The lack of oversight created “an increased risk that providers whose actions posed a threat to patient safety” continued to practice, and the audit also identified nearly $120 million in reimbursements to providers who potentially should not have been enrolled in the program.
North Carolina's archaic certificate-of-need laws leave the state with significant deficits in psychiatric hospitals and substance abuse facilities — and higher prices. North Carolina should join the 15 other states that eliminated certificate-of-need laws.
Program Evaluation Division has served a useful purpose, but it was limited in what it could recommend. Partisan staff can more easily identify solutions, provide strategic advice, and answer “why” questions.
Gov. Roy Cooper's business shutdowns and restrictions amount to a regulatory taking depriving business owners of the use of their property. Lawmakers should reform eminent domain to include compensation for regulatory takings.
Learning loss from pandemic-driven loss of in-person instruction in public schools is a serious problem, and its impacts vary by race, income, and geography. Education Savings Accounts offer an alternative that may be better for many families because they give parents the ability to address their children's specific educational needs.
In the end, Gov. Cooper’s supplemental budget recommendations signal his affinity for the education establishment, disregarding long-standing infrastructure needs and supporting antiquated employee compensation practices that do little to improve the overall quality of education in North Carolina.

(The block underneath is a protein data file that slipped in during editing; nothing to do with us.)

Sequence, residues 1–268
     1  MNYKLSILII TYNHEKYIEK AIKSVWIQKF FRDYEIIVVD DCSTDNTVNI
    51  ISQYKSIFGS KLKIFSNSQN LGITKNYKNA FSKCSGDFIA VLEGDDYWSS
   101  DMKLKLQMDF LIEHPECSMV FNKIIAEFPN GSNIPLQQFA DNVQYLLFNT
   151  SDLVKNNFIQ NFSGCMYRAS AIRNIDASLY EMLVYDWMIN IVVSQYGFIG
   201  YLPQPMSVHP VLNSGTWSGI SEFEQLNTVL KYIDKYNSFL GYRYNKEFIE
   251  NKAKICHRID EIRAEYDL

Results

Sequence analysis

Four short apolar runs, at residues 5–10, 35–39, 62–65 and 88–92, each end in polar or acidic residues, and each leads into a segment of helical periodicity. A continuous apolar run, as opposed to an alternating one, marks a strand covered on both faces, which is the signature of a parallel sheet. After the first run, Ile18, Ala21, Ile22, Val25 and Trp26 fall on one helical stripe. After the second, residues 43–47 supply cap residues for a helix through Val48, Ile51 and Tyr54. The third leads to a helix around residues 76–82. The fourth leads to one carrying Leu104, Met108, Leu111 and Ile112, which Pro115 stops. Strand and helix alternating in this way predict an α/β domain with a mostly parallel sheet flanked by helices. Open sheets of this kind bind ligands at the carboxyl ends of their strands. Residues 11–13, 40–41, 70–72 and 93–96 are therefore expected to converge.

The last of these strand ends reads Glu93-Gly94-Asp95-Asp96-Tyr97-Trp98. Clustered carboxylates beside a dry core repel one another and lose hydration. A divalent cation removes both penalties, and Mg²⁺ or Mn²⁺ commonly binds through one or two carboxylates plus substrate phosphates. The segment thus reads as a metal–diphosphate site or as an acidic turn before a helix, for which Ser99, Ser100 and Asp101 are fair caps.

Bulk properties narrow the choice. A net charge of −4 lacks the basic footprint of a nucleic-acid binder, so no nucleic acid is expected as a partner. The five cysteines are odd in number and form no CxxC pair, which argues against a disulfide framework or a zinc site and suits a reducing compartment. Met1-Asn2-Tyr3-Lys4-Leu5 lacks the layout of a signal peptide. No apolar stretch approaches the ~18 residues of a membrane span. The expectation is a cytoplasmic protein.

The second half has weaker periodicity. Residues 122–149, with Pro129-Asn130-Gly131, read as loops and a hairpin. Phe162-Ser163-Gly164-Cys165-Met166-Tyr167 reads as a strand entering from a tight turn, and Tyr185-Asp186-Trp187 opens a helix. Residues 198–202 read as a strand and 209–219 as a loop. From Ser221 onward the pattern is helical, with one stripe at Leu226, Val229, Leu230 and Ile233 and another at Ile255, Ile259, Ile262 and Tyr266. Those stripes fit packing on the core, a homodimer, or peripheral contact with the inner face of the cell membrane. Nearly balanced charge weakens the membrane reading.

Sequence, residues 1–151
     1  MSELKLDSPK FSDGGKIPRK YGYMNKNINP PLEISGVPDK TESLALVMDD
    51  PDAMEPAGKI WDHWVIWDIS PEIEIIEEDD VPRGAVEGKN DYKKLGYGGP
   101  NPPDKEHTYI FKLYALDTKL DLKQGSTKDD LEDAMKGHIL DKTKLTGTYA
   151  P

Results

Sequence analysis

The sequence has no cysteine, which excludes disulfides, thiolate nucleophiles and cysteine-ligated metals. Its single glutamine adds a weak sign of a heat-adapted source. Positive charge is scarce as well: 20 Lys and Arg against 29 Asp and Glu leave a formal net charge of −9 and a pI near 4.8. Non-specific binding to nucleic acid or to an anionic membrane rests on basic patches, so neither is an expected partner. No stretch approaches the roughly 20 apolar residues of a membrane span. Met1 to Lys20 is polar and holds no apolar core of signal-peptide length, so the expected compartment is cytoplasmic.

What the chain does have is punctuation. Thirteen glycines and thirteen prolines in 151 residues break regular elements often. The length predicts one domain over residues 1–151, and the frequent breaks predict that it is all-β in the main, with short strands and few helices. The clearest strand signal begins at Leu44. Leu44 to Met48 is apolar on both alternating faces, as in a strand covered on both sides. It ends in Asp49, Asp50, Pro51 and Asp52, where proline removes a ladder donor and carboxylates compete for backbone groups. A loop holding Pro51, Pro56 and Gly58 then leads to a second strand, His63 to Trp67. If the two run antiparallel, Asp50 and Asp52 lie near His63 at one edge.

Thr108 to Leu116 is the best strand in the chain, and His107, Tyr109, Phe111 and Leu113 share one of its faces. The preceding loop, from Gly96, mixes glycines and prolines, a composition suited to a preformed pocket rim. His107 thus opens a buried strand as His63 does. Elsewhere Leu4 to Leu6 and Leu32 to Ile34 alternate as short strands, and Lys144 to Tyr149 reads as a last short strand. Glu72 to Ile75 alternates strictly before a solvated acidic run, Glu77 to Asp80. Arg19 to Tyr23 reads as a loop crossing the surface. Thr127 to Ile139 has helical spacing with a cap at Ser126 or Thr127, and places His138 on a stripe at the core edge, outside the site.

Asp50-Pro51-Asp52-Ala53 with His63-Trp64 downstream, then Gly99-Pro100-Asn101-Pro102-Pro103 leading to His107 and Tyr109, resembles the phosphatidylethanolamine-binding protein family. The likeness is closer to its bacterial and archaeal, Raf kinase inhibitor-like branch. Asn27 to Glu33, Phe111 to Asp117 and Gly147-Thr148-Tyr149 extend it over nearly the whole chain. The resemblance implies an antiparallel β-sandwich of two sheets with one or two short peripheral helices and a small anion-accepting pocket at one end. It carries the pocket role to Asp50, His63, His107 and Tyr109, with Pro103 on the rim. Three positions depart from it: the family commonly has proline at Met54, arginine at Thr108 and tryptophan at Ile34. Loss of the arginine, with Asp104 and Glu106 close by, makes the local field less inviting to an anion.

Regulatory dark matter are "rules" we don't know are rules — policies, guidelines, interpretive statements, etc. that state agencies enforce against people as if they were rules. There's no telling how much regulatory dark matter there is in North Carolina. Legislators should require agencies to identify regulatory dark matter and either repeal or formally adopt them, and they already have the language to do so.
A Charlotte-Mecklenburg Schools teacher was told to have middle-school students complete a "Privilege Self-Assessment." Not only are such assignments outside of state standards, but also they may well violate a 1978 law that requires parental consent to collect personal information from families.
posted February 10, 2021 by Dr. Donald R. van der Vaart
North Carolinians should know that many of the energy policies Gov. Roy Cooper has advocated for here in North Carolina follow the mistakes identified as the cause of California's blackouts. As in California, these missteps will leave North Carolina unprepared for our energy future and will ultimately lead to blackouts here. North Carolina should not repeat California’s mistakes.
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